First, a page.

Pairing Pacari’s chocolates with wine is the perfect match

Two of Peter Ranscombe’s favourite topics are brought together at last as he explores chocolate and wine matching.

FEW combinations strike fear into the heart of a drinks writer like wine and chocolate; if the wine isn’t sweeter than the chocolate then the liquid will taste bitter but go too sweet and the result will be a cloying mess that coats the palate.

A classic pairing is with the sweet red wines of Maury or Banyuls from the South of France or with the sweeter styles of Valpolicella from Italy.

Port can also be a good match, whether it’s the fruity ruby style or the tawny style that’s come into contact with air to create caramel flavours.

Regular readers of the Wine to Dine column in the printed Scottish Field magazine will know I’m also partial to pairing dry red wines with chocolate, including Chilean carménère and some softer cabernet sauvignons.

This week’s chocolate and wine pairing workshop run by Diana Thompson at Wine Events Scotland opening my eyes to a whole world of new pairing opportunities, with only a single dessert wine featuring in the tasting.

Thompson teamed up with Juan Santelices from Pacari Chocolates of Ecuador to demonstrate how a broad range of wines can be matched to different chocolates.

They opened with a pair of sparkling wines, with a 2014 Greyfriars Vineyard Sparkling Rosé Reserve (£21, matched to a chilli chocolate and a Zonin Prosecco Dress Code Black Edition (£14.50, The Wine House Hotel 1821) accompanying a lemon verbena bar.

The pink fizz was full of ripe strawberry aromas on the nose, with more savoury raspberry notes on the palate to balance its crisp acidity; adding in the chocolate – which was peppery at first and then full of fiery heat – made the raspberry flavours stand out more prominently for me.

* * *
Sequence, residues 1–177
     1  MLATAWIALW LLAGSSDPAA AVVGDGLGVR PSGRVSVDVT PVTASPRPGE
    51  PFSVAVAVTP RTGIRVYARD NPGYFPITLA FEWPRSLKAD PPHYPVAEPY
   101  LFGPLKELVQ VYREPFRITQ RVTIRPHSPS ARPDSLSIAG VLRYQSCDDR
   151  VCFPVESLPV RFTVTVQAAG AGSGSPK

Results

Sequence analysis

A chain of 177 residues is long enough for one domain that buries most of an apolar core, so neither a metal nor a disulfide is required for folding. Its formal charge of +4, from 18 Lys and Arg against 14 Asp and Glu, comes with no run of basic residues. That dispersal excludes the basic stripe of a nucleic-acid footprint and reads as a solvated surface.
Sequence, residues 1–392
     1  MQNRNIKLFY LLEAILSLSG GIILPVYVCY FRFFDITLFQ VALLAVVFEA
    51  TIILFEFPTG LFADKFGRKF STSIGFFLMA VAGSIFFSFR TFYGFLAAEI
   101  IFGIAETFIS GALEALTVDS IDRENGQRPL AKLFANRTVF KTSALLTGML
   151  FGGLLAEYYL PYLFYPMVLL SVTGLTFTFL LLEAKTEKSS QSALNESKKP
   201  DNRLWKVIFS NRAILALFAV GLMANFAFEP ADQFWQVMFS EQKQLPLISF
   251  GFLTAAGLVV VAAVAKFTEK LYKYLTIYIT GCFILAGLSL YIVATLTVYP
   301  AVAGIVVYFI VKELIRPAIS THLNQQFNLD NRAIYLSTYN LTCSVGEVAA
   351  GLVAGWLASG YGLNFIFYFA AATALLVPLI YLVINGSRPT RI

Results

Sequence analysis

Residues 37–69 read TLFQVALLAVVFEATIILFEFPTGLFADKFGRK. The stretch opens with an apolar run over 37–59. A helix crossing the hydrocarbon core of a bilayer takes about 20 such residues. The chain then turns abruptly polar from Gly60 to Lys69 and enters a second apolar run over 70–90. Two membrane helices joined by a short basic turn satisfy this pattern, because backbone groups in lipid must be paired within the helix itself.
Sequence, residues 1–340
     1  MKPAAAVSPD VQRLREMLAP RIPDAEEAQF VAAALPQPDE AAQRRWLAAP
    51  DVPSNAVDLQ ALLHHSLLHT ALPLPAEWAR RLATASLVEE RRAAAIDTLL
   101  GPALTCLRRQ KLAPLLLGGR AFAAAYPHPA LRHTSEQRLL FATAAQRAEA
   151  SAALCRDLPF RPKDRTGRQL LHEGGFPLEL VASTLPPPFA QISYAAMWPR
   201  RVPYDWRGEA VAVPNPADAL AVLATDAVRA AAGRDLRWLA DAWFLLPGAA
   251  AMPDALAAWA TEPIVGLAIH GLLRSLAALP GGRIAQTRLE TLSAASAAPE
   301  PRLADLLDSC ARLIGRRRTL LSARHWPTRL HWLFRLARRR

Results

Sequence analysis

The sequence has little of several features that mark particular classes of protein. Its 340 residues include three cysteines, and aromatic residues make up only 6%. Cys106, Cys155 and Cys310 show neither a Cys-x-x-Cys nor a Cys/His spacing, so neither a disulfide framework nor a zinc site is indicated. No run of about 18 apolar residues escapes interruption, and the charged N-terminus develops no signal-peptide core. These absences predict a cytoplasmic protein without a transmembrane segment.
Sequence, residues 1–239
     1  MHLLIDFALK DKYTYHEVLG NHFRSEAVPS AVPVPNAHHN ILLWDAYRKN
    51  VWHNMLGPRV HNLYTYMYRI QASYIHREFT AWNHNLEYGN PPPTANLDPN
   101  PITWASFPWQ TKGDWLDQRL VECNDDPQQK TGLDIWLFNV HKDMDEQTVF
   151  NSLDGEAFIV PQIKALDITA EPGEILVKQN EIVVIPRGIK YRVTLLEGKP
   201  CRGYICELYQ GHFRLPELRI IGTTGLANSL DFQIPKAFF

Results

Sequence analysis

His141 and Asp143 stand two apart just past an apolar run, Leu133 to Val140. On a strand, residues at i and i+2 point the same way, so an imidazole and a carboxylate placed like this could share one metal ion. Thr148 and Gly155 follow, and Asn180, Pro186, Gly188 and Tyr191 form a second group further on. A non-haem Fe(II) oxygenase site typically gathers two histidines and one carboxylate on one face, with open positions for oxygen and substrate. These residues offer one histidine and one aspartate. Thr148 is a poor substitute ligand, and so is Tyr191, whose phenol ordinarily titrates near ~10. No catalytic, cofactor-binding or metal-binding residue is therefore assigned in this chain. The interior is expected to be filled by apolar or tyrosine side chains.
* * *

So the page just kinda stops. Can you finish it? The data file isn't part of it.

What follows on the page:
On paper, the intense lemon flavours in the prosecco should have been a marriage made in heaven with the lemon verbena chocolate, but it was the only pairing that didn’t really hit the spot for me, with the chocolate accentuating the wine’s acidity.

On the other hand, the 2017 Goldwater Sauvignon Blanc (£11.99, Majestic Wine) was a real winner in my book, with the passionfruit-infused 60% cocoa solids chocolate bringing out the fruitiness of the wine, which on its own had a great depth of flavour to match its characteristic sharpness.

Another great match was the 2015 Domaine Viticole de la Ville de Colmar Clos St Jacques Riesling (£13.99, Majestic Wine) alongside the ginger and chai chocolate, with the intense citrus flavours in the off-dry wine emphasising the tingling heat of the ginger.

Moving onto the reds and the 2013 Domaine Les Hautes Cances Cairanne Cotes du Rhone Villages (£25, Davys Wine Merchants) tempered the intense saltiness of the Cuzco pink salt and cocoa nibs bar.

Perhaps the stand-out wine on the night was the 2016 Original Series No 1 Stellenbosch Cabernet Sauvignon Merlot (£7, Aldi), offering great value with its roast meat, smoke and black fruit aromas and fruiter blackberry, blackcurrant and raspberry flavours, while the limited edition 70% cocoa Tangara chocolate brought out the smokiness and red fruit notes in the wine.

The 2009 Corbellicce Vin Santo del Chianti (£9.99 for 500ml, Lidl) made my 2017 Christmas wines list and so it was a delight to see its honeyed almond nuttiness being paired with a “goldenberries” – or physalis – bar, which dialled back the nutty notes in the wine and emphasised its sweetness and balancing acidity.